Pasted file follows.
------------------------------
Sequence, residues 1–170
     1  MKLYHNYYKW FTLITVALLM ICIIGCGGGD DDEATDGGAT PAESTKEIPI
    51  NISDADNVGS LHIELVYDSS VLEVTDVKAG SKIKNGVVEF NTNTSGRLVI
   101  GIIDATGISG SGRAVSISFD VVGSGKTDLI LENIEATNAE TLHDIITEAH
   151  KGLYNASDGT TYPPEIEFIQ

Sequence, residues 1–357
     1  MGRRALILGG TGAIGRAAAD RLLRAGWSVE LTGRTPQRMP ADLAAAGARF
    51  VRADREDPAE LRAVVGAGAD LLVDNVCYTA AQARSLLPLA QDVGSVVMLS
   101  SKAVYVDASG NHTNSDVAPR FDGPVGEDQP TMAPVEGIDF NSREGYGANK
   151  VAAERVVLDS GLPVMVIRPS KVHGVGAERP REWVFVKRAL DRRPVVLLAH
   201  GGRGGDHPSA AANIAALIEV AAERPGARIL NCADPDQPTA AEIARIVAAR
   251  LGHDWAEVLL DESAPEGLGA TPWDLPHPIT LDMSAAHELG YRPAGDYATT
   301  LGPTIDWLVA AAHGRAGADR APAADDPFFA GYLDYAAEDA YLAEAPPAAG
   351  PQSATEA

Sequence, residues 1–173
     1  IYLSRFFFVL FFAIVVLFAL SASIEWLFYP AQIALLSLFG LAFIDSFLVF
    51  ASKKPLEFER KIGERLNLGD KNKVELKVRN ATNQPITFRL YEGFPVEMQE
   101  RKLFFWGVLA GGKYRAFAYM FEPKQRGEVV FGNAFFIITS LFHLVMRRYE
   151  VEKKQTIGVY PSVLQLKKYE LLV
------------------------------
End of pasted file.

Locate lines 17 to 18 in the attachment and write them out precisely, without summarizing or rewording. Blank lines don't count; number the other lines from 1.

    51  ASKKPLEFER KIGERLNLGD KNKVELKVRN ATNQPITFRL YEGFPVEMQE
   101  RKLFFWGVLA GGKYRAFAYM FEPKQRGEVV FGNAFFIITS LFHLVMRRYE